Carbon economy and wetland protection to benefit from new app

A web app developed by Griffith University researchers could encourage governments and wetland managers globally to reduce carbon emissions by protecting mangrove forests.

TheMangrove Carbon Emission Simulator,developed by Dr FernandaAdameand Dr Chris Brown from Griffith’s Australian Rivers Institute and Professor Rod Connolly’s Global Wetlands Project, has been designed for use by government departments, wetland managers, climate change groups and environmentalorganisations.

It calculates the tons of carbon that would be released if a pre-determined area of mangrove forest was cut down.

The team’s research has shown the amount of carbon that mangroves are capable of storing is 10 times higher than commonly believed. Coastal wetlands in general store more carbon than rainforests.

Dr Brown said this had major implications for national carbon accounting by governments globally.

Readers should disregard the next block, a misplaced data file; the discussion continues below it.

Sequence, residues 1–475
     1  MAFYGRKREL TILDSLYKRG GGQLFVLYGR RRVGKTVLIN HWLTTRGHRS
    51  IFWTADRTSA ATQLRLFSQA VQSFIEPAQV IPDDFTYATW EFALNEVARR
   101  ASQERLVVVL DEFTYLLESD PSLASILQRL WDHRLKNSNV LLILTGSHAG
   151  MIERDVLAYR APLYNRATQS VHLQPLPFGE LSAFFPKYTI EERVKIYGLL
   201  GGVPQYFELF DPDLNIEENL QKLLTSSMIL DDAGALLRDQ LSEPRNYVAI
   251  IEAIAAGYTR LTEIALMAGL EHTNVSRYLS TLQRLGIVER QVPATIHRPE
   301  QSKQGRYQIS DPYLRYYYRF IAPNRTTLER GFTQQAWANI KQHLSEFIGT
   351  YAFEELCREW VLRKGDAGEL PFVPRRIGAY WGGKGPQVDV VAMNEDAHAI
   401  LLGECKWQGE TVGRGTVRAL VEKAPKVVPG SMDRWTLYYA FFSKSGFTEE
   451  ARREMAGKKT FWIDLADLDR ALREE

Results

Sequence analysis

“They can use this to assess if the wetlands in their areas of interest are being properly valued in terms of their carbon storage,” Dr Brown said.

“So aside from the environmental benefits of reducing carbon emissions into the atmosphere, calculating carbon storage also offers an economic incentive – carbon that we can avoid emitting is what can be sold to the carbon market.”

DrAdamesaid there was worldwide interest in accounting for how much carbon is stored, how much carbon is emitted, and how much carbon is protected.

“The problem is that calculating carbon emissions from coastal wetland degradation and deforestation is difficult and not everyone can do them,”she said.

“With the web app, people can see how much carbon they can avoid emitting and protect these areas.”

DrAdamehaspreviously beenfunded by theLeonardoDiCaprioFoundation to help value the carbon stored in some of Mexico’s mangrove forests, where sheused the web app toreport onhow much carbon was saved through protection, which can be used to value the carbon for carbon trading schemes.

This meanscommunitiescan receive income to keep protecting their mangroves.

The release of the Mangrove Carbon Emission Simulator coincides with World Wetlands Day on Saturday, February 2.